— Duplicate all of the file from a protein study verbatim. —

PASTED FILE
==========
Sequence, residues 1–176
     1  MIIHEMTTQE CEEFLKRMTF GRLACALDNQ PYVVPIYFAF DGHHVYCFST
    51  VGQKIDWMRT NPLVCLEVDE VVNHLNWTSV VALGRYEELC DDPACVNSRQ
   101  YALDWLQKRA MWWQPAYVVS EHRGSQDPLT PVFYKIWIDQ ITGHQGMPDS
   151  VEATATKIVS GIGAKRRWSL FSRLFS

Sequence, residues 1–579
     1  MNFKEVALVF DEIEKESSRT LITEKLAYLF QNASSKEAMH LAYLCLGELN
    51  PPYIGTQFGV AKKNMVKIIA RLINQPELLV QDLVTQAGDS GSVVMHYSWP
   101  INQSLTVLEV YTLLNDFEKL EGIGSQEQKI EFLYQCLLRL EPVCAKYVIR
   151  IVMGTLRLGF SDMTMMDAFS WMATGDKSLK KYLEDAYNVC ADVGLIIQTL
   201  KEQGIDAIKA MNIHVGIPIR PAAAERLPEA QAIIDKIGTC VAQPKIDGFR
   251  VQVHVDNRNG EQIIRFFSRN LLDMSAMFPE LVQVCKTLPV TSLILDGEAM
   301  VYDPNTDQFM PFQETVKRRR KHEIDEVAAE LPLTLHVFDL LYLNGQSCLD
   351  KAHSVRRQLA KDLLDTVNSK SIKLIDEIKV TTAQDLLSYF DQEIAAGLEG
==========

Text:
Sequence, residues 1–176
     1  MIIHEMTTQE CEEFLKRMTF GRLACALDNQ PYVVPIYFAF DGHHVYCFST
    51  VGQKIDWMRT NPLVCLEVDE VVNHLNWTSV VALGRYEELC DDPACVNSRQ
   101  YALDWLQKRA MWWQPAYVVS EHRGSQDPLT PVFYKIWIDQ ITGHQGMPDS
   151  VEATATKIVS GIGAKRRWSL FSRLFS

Sequence, residues 1–579
     1  MNFKEVALVF DEIEKESSRT LITEKLAYLF QNASSKEAMH LAYLCLGELN
    51  PPYIGTQFGV AKKNMVKIIA RLINQPELLV QDLVTQAGDS GSVVMHYSWP
   101  INQSLTVLEV YTLLNDFEKL EGIGSQEQKI EFLYQCLLRL EPVCAKYVIR
   151  IVMGTLRLGF SDMTMMDAFS WMATGDKSLK KYLEDAYNVC ADVGLIIQTL
   201  KEQGIDAIKA MNIHVGIPIR PAAAERLPEA QAIIDKIGTC VAQPKIDGFR
   251  VQVHVDNRNG EQIIRFFSRN LLDMSAMFPE LVQVCKTLPV TSLILDGEAM
   301  VYDPNTDQFM PFQETVKRRR KHEIDEVAAE LPLTLHVFDL LYLNGQSCLD
   351  KAHSVRRQLA KDLLDTVNSK SIKLIDEIKV TTAQDLLSYF DQEIAAGLEG